By Chandler Sullivan
April 26, 2022 | 2 Min. Read
When it comes to a loan or even signing a lease, you may have heard of the term co-signer. But what does it mean and why would you need one?
A co-signer is another person that shares responsibility for making payments in addition to the primary borrower. Co-signers legally promise to help pay back a loan or lease, in the chance the primary borrower cannot make the full payment.
If you qualify for a home/auto loan, or are in good standing to lease on your own, you probably don’t need a co-signer. But if you have a minimal loan/renting experience or lack enough credit history, you may be told that you need a co-signer. When this happens, the primary borrower can ask a family member, spouse, or friend to help them, even if the loan or lease doesn’t personally involve them.
If you have low or bad credit and are looking for a mortgage loan, you may be approved more easily with a co-signer. With this additional assurance, you might get a better interest rate.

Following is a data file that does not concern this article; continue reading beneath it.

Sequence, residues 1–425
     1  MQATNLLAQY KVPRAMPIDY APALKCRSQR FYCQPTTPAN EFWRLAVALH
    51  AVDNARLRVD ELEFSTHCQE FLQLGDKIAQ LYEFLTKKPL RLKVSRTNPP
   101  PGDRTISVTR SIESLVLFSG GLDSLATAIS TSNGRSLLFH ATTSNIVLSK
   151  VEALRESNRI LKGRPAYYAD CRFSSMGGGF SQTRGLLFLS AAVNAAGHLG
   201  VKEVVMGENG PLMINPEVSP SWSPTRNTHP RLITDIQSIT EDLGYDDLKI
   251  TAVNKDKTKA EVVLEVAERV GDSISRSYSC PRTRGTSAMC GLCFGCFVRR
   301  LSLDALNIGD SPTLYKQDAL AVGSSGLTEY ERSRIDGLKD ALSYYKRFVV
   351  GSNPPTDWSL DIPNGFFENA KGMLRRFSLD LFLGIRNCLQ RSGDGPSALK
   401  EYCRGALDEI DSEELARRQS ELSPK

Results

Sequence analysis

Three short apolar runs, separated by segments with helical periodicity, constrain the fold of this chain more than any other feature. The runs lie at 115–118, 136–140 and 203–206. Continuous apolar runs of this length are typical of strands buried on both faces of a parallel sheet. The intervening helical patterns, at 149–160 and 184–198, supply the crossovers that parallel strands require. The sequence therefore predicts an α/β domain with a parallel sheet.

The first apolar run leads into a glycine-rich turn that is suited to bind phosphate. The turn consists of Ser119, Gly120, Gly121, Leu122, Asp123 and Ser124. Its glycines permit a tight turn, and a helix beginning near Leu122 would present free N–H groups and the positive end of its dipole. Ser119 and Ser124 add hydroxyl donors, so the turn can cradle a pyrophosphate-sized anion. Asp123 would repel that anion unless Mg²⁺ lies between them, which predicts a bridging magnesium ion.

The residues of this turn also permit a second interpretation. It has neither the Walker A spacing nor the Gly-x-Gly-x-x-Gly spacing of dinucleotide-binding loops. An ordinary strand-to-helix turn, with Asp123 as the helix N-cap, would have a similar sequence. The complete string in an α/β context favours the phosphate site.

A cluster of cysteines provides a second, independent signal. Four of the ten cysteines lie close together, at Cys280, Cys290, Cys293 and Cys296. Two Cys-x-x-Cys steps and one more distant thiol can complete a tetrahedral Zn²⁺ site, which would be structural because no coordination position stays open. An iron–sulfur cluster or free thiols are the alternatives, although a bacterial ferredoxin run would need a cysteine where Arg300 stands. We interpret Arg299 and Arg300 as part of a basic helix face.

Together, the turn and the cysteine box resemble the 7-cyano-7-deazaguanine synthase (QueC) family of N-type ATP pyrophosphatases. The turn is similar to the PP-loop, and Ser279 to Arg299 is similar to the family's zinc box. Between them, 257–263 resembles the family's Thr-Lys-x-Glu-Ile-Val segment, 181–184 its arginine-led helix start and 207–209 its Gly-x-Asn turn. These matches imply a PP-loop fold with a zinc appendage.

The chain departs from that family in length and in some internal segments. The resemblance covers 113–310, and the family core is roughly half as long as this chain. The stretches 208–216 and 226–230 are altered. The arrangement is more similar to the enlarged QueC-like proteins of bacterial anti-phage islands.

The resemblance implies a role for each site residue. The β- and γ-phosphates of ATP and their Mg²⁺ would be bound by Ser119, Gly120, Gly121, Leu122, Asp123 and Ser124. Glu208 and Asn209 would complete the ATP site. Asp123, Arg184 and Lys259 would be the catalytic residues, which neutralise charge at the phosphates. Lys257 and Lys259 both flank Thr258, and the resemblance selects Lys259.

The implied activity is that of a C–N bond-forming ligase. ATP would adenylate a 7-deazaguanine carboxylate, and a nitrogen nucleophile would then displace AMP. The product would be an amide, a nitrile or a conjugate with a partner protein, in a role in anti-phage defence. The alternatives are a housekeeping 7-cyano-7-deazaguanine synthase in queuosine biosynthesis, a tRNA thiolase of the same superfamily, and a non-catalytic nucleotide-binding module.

The obvious downfall for a co-signer is that they are taking on financial responsibility on behalf of someone else. On top of the primary borrower’s credit on the line, the co-signer is also at risk too. If both of you are paying on time, chances are both of your credit scores will continue to reflect good scores. But if the primary borrower can’t pay and the co-signer makes a late payment, both of your credit scores can be negatively impacted.
This is why it is important to choose your co-signer carefully. Your friend or family member may say they have the financial means to support you because they care about you, but make sure you are asking them for proof beyond their words.